• Cherry Hill Seminary’s 2014 Hypatia Day Drive is winding up, they’ve raised nearly $12,000 dollars toward their goal of $17,000 dollars. Quote: “It’s been a busy spring, and a great many of you have helped us raise an amazing $11,842!  That’s a just over $5,000 away from our goal.  Remember that those who join during this 2014 Hypatia Day Drive will receive a lovely Hypatia altar/desk card. But best of all, you will be investing in the finest education for Pagans available. Click here to join or renew your membership to The Hypatia Society.”
  • Aidan Kelly, who blogs at the Patheos.com Pagan portal, has published a new book entitled “A Tapestry of Witches: A History of the Craft in America, Volume I.” Quote: “I have released the first volume of the history for which I began gathering data about 30 years ago. It covers from 1893 up to the mid-1970s. There were Witches before Gardnerian Witchcraft was introduced to America by Raymond Buckland, and there still are. The relationship between these two varieties is still a matter for active discussion. The book contains several hundred footnotes, mostly documenting the Wiccan and Pagan periodicals from which I gleaned the data about the existence of covens, nests, groves, etc. Hence I am not releasing it as an e-book, because the footnotes would be mangled in that format.” 

That’s all I have for now, have a great day!

Pagan Community Notes is a series focused on news originating from within the Pagan community. Reinforcing the idea that what happens to and within our organizations, groups, and events is news, and news-worthy. My hope is that more individuals, especially those working within Pagan organizations, get into the habit of sharing their news with the world. So let’s get started!

with_love_from_salemA documentary focusing on the Temple of Nine Wells, and the lives of Richard and Gypsy Ravish, entitled “With Love From Salem,” has announced that they’ve nearly completed the project. Quote: “I had the privilege of seeing some footage of this documentary, currently nearing completion, and to say it is phenomenal is an understatement. A beautiful, evocative and magical film – not to mention visually and emotionally stunning. Get ready to see something amazing.” Richard Ravish was one of the original “Witches of Salem,” and passed away in 2012 at the age of 59. Amy “Gypsy” Ravish is a popular Pagan singer-songwriter known for her albums “Enchantress” and “Spirit Nation.” I’m very much looking forward to a new Pagan-centered documentary, and will update you here once there’s screening/release information.

Erynn Rowan Laurie

Erynn Rowan Laurie

As mentioned previously here, Erynn Rowan Laurie, author of “A Circle of Stones,” recently won for best poetry collection at the Bisexual Book Awards (photos of the ceremony here). On her return, she announced at her official Facebook page that she’s considering a move to Italy, motivated in part by recent health issues. Quote: “As with so many other things in my life, I realized I could either let circumstance defeat me, or I could try to work it so that I could turn it into something interesting. If I’m going to be robbed of my ability to drive, why not have an adventure in a place where walking is normal? It won’t mean that nobody will ever see me again. The internet still exists, after all. I’m very likely to try to fly back to the US for PantheaCon every year, and try to visit Seattle once a year as well.” We here at The Wild Hunt wish Erynn all the best no matter where she goes, and any nation she moves to will be all the richer for her presence. Good luck! Oh, and speaking of the Bisexual Book Awards, they can apparently get you stopped at the Canadian border and held for several hours.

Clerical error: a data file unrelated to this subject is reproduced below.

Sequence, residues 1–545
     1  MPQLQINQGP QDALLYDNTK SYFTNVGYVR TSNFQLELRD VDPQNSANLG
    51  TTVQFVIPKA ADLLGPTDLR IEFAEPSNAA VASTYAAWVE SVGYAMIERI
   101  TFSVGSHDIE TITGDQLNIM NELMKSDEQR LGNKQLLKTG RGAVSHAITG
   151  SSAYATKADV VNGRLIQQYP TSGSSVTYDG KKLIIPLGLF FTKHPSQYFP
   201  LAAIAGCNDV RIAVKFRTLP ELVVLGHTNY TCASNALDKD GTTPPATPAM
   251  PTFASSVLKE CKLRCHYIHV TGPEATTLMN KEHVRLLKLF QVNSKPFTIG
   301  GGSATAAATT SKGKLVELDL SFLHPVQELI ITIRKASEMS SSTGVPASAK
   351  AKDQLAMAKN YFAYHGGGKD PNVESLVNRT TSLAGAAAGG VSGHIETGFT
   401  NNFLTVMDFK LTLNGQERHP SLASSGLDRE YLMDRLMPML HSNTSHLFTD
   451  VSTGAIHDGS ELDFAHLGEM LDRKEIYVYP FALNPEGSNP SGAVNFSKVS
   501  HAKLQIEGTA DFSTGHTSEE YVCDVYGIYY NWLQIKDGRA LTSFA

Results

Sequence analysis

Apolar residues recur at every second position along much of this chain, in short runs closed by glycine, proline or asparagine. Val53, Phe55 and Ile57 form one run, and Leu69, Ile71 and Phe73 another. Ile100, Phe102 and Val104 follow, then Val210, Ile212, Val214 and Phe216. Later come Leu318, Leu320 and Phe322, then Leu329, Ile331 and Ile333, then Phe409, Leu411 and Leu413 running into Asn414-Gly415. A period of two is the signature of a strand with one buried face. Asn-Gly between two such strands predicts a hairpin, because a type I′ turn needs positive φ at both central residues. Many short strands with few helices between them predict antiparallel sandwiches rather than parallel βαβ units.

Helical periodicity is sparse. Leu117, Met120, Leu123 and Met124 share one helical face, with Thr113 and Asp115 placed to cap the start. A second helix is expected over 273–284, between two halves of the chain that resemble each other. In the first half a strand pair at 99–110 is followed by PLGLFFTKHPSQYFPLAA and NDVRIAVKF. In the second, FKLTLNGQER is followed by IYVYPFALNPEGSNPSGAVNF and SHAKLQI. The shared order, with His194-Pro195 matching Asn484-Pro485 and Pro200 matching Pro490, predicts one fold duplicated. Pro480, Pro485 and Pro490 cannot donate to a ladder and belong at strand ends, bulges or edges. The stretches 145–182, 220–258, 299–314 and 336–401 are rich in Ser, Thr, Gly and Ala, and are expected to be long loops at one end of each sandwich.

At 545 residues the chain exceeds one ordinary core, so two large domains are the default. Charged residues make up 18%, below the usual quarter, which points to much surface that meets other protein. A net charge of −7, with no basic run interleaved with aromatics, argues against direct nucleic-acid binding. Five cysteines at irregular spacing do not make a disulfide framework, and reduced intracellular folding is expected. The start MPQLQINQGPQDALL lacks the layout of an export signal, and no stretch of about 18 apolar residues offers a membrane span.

Christina Oakley Harrington

Christina Oakley Harrington

Acclaimed London esoteric book store Treadwells has announced the launch of a brand-new, more robust, website. Included is an extensive resources section headed by Treadwells founder, Christina Oakley Harrington. For example, individuals new to Paganism can find several introductory essays about Paganism in general, and about Paganism in the UK in particular. Quote: “The pages below are designed to be clear, direct and authoritative. The pages on  groups and events direct you to the more established resources, though there are many more that can be found in local communities.” Harrington notes that “if you feel like lookng round the site, it’s got lots of other sections, too. We’ve been working hard on it for ages and hope you all find it useful.” Treadwell’s recently held a number of talks and events in conjunction with the I:MAGE esoteric arts exhibition reported on recently at The Wild Hunt.